Researching Citizens Relationship to Urban Form and Amenities
Urban form and mobility preferences
Urban planners and designers as well as city governance increasingly promote urban walkability as a means to tackle climate change, improve residents’ quality of life, and address socioeconomic inequities that auto-oriented development tends to exacerbate. In order to forecast the effects that envisioned changes to the built-environment could have on foot traffic, cities increasingly require quantitative, predictive pedestrian flow models.
In their paper, We shape our buildings, but do they then shape us? A longitudinal analysis of pedestrian flows and development activity in Melbourne, Andres Sevtsuk, Rounaq Basu, and Bahij Chancey utilize a recently developed flow model to examine the longitudinal impacts of changes in the built environment on pedestrian activity in Melbourne Australia.Their model leverages address-level analysis of pedestrian flows, combining trip-generation, trip-distribution, and route-choice into an accessibility-driven framework.
“The paper presents a framework for how cities could implement Pedestrian Impact Assessments to examine how proposed development projects are likely going to influence pedestrian activity around them,” said Andres Sevtsuk, Associate Professor of Urban Science and Planning. “Pedestrian Impact Assessments are urgently needed to complement traditional Traffic Impact Assessments that focus on traffic mitigation and infrastructure improvements for personal vehicles.”
Their findings, based on years of automated pedestrian count data analysis from Melbourne, Australia, suggest that pedestrian flows are strongly shaped by the structure of the built environment and highlight how real estate developments, residential and employment shifts that take place each year play a key role explaining changes in pedestrian flows in the city. This opens the possibility of “pedestrian impact assessments,” to inform and strengthen calls for pedestrian oriented development.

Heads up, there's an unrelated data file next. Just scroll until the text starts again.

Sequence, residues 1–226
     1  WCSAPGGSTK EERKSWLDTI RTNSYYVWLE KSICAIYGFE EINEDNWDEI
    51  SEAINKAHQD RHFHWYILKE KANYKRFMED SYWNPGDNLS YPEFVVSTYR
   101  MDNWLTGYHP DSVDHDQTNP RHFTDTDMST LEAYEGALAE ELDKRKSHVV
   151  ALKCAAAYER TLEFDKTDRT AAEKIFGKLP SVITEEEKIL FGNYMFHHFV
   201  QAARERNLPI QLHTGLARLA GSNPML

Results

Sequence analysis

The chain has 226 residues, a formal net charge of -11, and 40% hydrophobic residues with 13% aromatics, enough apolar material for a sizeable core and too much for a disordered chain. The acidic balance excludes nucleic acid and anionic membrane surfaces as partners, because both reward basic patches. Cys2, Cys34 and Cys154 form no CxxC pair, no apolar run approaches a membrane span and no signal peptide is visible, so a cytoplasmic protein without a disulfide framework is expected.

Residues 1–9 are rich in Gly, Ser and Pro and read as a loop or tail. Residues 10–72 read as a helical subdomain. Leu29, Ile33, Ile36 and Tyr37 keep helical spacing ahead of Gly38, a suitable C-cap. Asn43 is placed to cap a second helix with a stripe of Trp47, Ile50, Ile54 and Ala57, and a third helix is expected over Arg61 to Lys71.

Public health, mobility, and urban amenities
How has our relationship to urban amenities - experiences, goods, and services - altered by the COVID19 pandemic? What might these trends suggest about the long-term economic recovery process for cities after the pandemic?
In their paper, The impact of COVID-19 on trips to urban amenities: Examining travel behavior changes in Somerville, MA, Andres Sevtsuk, Annie Hudson (MCP ‘20), Dylan Halpern (MCP ‘20), Rounaq Basu, Kloe Ng, and Jorrit de Jong (Harvard Kennedy School) examine smartphone data to measure and map how people’s visitation preferences to urban amenity clusters changed and evolved in response to the COVID-19 pandemic in 2020. The paper’s findings offer insights for decision-makers to understand how the pandemic and future health emergencies might impact amenity-related trips, which form a large share of all urban travel, and where the greatest needs for intervention and policy support may exist.
“The use of monthly destination choice models that were calibrated on very recent, incoming trip-making data from SafeGraph, provided a unique opportunity to analyze changing population preferences almost in real time, as the pandemic continued and shifted,” said Annie Hudson, a researcher on the project and manager of the MIT Mobility Initiative.